The book’s contribution to comparative law spins off its discussions of the incorporation of universal values into a nation’s constitutional identity. As a nation’s political leaders and its Supreme Court Justices seek to resolve disharmony, they should take account of both universal and particularistic elements. Universal values tend to enhance the quality of citizens’ lives; particularistic elements form the very substance of those lives. In the current debate between Justices Anthony Kennedy and Antonin Scalia (LAWRENCE v. TEXAS, 2003) about the legitimacy of non-American sources for U.S. Supreme Court decisions, Jacobsohn supports the former. A nation can learn invaluable lessons from observing how other countries handled similar problems. But he argues for the need to act prudently, to always be sensitive to the nation’s historical customs and practices. “I share the particularist perspective on constitutional arrangements as manifestations of key attributes of national identity, but contend that this should not preclude courts from seeking to strengthen the supports for constitutionalism while remaining attentive to the requirements of their respective polities’ distinctive constitutional identities” (pp.143-144).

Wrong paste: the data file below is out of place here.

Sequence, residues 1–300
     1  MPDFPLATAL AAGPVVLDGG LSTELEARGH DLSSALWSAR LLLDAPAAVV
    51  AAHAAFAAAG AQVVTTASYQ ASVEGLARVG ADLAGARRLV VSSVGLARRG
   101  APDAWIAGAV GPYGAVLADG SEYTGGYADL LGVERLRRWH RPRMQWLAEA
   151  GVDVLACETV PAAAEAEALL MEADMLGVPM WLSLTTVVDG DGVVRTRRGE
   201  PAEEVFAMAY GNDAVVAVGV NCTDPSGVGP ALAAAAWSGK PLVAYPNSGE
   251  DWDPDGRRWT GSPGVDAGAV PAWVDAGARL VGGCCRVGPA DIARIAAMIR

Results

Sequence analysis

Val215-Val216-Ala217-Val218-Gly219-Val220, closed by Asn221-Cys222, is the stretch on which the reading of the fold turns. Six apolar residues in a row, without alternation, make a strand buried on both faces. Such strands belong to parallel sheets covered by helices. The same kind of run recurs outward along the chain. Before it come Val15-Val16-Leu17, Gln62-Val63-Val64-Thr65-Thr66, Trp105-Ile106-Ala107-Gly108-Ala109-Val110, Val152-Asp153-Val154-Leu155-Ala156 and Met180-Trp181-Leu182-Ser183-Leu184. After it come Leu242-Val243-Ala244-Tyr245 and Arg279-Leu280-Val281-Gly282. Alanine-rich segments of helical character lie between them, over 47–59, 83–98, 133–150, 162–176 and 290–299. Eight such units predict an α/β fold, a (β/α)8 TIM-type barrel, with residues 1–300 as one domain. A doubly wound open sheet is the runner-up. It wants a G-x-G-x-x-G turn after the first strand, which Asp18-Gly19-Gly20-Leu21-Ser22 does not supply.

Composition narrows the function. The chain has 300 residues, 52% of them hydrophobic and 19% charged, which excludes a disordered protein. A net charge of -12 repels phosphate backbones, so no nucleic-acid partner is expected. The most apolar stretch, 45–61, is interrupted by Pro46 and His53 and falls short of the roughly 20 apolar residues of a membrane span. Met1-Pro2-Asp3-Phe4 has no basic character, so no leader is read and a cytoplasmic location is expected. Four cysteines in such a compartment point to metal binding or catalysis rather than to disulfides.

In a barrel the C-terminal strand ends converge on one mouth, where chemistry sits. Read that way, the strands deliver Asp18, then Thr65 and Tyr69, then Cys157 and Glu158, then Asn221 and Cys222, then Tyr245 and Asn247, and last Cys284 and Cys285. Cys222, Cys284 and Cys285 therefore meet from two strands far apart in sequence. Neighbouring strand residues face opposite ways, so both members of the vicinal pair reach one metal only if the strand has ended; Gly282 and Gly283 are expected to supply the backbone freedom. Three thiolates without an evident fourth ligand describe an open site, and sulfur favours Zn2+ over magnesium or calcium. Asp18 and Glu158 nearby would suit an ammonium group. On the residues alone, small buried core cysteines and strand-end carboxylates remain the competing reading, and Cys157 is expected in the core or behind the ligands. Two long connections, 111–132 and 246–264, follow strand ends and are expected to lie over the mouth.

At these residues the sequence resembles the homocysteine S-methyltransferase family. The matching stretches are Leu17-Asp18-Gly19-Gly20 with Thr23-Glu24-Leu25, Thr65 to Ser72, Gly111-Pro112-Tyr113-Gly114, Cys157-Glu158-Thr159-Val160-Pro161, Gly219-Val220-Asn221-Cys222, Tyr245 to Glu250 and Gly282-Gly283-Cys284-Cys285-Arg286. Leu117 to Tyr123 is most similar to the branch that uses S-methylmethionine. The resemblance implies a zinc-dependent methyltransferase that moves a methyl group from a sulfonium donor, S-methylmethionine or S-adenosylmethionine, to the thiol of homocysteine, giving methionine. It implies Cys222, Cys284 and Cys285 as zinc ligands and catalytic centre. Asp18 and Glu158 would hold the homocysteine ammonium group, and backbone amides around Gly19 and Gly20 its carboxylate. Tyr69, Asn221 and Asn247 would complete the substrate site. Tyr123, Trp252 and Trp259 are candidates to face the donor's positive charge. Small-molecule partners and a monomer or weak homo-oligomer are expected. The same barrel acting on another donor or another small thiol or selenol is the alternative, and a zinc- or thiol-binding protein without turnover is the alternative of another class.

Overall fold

The subsequent discussion of leading cases in Israel, India, and Ireland serve well to illustrate this point. In Israel, for example, there is a persistent tension in resolving the core elements in its constitutional identity as a Jewish democratic state. The democratic element emphasizes the universal value of equality of all Israeli citizens, Jew and non-Jew alike. The Jewish element emphasizes the particularistic nature of Israel as a homeland for a people who suffered from 2,000 years of exile. In his illuminating discussion of the QA’DAN case, Jacobsohn is sympathetic with Chief Justice Aharon Barak’s opinion that strengthened the position of Palestinian-Israelis right to buy a home in a state-supported housing development. The State was not permitted by law, the Court held, to allocate state land on the basis of discrimination between Jews and non-Jews. He is critical, however, that the Court’s opinion failed to recognize that equality in Israel may at times have to be [*134] tempered with an awareness of particularistic realities. He is therefore more impressed with the prudential quality of Justice Mishael Cheshin’s concurring opinion. It argued that under existing conditions the Qa’dan family was not treated equally (pp.150-168).